Oregon Afternoon

I took this photograph back in October 2012 as I was driving toward Portland, Oregon along US Highway 26.  This shot is the John Day River in the John Day Fossil Beds National Monument.  I had stopped in the Monument that day as I had never been in the area before, and was just awestruck at the landscape.  It wasn’t the best time of day, so I had snapped a few photos and moved on.  A storm was coming in and I had decided I needed to hit Prineville for the night, still quite aways from where I was.

Anyway, as I was crossing the river pushing westward. I saw the late afternoon sun hitting the basalt cliffs and this golden grass swaying in the breeze.  As pushed as I was for time to beat the darkness and deer crossing black highways, I found a pull off spot and scrambled down to the river to get my shot.

John Day River 3wp

Now, this photo has given me fits as I never seemed to be able to get the final image to match what I saw that October afternoon so many years ago now.  Anyway, I was looking through my old photos as the weather here is cruddy today.  It was supposed to rain all weekend, but all we’ve had are a few sprinkles and lots of wind.  The original plan was to be in Malad, Idaho for a car show with a friend, but Mother Nature made other plans for us.  Neither of us wanted to get caught in a messy rainstorm after all that cleaning and polishing.

Well, I came across my old nemesis, the John Day River photo, and decided to give her one more shot.  I slightly adjusted the color temperature from what I shot on “auto white balance”, making it just a tad warmer, less than 100 degrees Kelvin.  Then I used my de-hazing tool, but not too aggressively.  Next I made the usual adjustments — bumping up the mid-tone saturation a little, adding in more color saturation and vibrancy, and ever so slightly adjusting the contrast and brightness.  And then as a final tweak, I increased my exposure 0.20 stops.  And…

There was my shot!  This is what I saw almost 8 years ago down on the river bank that chilly October afternoon.

Now, I know I have been working with monochrome quite a bit lately, and if you’ve caught my last post, you’re probably wondering where the black and white will come in.  Alright, here is a little photography philosophy.  What?

For me photography is about two things — recording a moment or a scene, or capturing a feeling brought about by an image.  Now, the second is what we’re dealing with here.  The reason I can describe the moments surrounding the original photograph so well, is because that moment and those emotions are stored in my memory forever.  I can recall exactly how I felt as I came around that bend and saw the warm sunlight hitting that basalt rock and then saw the gleaming gold grass contrasting with the cold, bluish water and sky.  I literally had to get that image!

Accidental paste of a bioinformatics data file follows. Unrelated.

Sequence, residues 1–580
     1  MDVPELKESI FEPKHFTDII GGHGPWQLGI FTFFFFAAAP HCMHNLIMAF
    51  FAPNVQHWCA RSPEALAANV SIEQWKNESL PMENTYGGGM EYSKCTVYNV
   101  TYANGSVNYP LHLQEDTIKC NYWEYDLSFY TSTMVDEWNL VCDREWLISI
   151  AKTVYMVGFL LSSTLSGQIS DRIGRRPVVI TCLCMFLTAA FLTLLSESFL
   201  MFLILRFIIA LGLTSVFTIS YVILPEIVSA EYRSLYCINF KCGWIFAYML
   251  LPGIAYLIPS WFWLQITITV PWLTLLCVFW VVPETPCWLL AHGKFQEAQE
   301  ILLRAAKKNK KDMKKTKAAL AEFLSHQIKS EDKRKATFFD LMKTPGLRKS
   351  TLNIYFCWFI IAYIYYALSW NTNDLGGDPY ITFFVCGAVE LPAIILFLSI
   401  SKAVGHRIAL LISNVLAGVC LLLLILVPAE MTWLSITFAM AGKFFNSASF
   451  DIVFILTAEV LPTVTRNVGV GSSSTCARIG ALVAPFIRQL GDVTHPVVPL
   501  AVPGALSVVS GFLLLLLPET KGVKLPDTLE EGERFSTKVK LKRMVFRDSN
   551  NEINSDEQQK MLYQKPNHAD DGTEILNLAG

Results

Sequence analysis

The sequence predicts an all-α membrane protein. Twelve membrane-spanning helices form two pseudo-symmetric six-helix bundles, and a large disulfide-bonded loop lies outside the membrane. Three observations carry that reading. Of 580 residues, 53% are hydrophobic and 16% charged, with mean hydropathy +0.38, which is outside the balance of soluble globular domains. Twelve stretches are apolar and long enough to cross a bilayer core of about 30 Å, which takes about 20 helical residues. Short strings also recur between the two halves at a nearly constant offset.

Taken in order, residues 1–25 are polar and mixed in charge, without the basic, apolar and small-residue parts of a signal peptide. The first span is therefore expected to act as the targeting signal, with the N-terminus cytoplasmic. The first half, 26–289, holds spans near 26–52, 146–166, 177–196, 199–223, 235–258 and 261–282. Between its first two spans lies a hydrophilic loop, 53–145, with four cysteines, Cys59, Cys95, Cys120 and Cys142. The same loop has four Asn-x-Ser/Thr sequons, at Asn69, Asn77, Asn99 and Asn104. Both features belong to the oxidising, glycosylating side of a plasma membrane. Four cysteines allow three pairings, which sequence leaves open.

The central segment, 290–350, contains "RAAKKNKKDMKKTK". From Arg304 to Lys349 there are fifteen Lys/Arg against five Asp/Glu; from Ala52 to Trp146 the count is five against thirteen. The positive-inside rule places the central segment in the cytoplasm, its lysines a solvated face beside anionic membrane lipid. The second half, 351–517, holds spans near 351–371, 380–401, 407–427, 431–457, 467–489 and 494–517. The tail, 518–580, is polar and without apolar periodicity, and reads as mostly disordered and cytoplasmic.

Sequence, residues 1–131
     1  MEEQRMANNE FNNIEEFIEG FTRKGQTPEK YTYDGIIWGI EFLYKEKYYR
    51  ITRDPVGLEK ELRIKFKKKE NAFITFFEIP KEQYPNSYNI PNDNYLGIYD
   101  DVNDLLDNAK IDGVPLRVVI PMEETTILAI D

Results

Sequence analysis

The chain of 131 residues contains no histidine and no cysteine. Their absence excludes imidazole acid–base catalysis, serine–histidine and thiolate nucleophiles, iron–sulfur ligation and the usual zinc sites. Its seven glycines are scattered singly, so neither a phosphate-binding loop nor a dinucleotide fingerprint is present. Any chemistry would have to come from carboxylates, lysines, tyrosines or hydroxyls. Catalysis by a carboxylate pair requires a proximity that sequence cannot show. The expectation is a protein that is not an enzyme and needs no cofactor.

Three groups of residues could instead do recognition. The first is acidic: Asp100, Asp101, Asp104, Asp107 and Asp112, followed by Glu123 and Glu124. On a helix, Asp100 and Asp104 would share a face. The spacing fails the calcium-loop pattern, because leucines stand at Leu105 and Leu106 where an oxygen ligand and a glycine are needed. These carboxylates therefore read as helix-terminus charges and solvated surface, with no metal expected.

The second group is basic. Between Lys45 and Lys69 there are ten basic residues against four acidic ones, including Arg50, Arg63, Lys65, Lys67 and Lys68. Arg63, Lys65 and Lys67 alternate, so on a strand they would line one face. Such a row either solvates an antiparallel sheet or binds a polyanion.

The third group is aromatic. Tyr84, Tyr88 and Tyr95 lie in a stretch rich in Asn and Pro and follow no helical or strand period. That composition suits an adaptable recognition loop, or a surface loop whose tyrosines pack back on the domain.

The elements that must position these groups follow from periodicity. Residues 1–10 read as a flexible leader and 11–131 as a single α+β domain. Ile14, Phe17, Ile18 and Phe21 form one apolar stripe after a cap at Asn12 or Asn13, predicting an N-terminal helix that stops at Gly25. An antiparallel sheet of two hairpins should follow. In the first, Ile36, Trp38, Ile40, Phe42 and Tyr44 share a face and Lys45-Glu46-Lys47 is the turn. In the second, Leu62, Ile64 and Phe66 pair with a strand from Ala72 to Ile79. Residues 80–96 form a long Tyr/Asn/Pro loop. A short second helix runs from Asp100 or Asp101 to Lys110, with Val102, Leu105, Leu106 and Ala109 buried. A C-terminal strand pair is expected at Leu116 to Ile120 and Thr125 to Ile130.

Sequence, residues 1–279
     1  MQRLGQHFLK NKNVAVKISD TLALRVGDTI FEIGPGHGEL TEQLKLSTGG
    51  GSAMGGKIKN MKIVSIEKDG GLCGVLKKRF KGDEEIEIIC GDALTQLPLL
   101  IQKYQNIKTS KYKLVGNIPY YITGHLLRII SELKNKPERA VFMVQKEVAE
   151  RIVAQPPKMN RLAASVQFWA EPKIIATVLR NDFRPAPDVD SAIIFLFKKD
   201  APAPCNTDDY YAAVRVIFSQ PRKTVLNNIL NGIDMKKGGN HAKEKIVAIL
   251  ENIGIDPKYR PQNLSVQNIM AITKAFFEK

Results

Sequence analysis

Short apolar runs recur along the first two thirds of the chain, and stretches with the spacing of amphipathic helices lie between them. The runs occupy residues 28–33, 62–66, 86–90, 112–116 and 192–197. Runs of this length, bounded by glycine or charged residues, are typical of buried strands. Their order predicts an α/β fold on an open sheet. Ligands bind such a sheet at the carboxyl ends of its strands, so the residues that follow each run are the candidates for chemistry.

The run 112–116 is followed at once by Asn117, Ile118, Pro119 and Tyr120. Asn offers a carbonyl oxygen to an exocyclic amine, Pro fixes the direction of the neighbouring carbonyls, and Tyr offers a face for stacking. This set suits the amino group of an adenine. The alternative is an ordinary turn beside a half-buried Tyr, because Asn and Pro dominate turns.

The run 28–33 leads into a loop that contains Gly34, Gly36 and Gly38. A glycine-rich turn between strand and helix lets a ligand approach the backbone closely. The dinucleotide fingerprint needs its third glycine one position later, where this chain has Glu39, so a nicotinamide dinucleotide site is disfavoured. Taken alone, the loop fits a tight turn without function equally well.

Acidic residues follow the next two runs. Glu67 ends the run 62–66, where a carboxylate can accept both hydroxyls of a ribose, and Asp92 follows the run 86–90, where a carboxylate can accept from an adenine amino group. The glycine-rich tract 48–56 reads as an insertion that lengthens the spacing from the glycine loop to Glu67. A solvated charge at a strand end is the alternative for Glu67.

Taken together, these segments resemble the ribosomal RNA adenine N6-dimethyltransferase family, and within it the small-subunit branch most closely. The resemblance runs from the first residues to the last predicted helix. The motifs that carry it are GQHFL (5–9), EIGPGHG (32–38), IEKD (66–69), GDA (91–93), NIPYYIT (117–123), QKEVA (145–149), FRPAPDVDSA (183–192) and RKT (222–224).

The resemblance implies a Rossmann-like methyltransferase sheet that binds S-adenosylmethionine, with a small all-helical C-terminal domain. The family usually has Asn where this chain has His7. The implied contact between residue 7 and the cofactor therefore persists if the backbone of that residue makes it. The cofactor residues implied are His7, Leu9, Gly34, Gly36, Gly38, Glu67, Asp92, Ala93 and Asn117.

Here is the corresponding monochrome photo that I made today.

John Day River 3 BW wp

Now, I admit this monochrome is actually pretty darn nice.  In my opinion, this is a quality photo whether we’re seeing it in color or in black and white.  The tonal range is full and robust, and the composition is balanced and draws in the viewer.  The monochrome does retain a few of the qualities that originally drew me to make that stop.  The bright highlights of the grass blooms against the darker cliffs and water.  The unsettled darker, somewhat foreboding sky offers a nice contrast to the bright grasses.  Yes, the black and white is a good photograph in my opinion.

But in this case, as was the case in my previous post, I feel the original color image is stronger.  Why?  Again, the color adds yet another dimension here.  The late afternoon sun added just a hint of magenta in that cold, bluish October sky.  While the gold grass heads still offer the same sharp contrast in color or black and white, the cool tones in the river shadows capture the contrasting temperature of being down by the water as compared to being up by those warm, sunlit dark reddish rocks.  And then the green of the undergrass adds yet another subtle contrast and reminder of the last hint of summer present in the autumn transition into winter.

So now you have my opinions on this photograph.  I would definitely like to hear what you think.  And I really hope that you are enjoying the narratives regarding how I am making these images and why I prefer the color or monochrome photographs.

Well, thanks as always for visiting my blog.  This is really for you, my readers.  Have a wonderful weekend.

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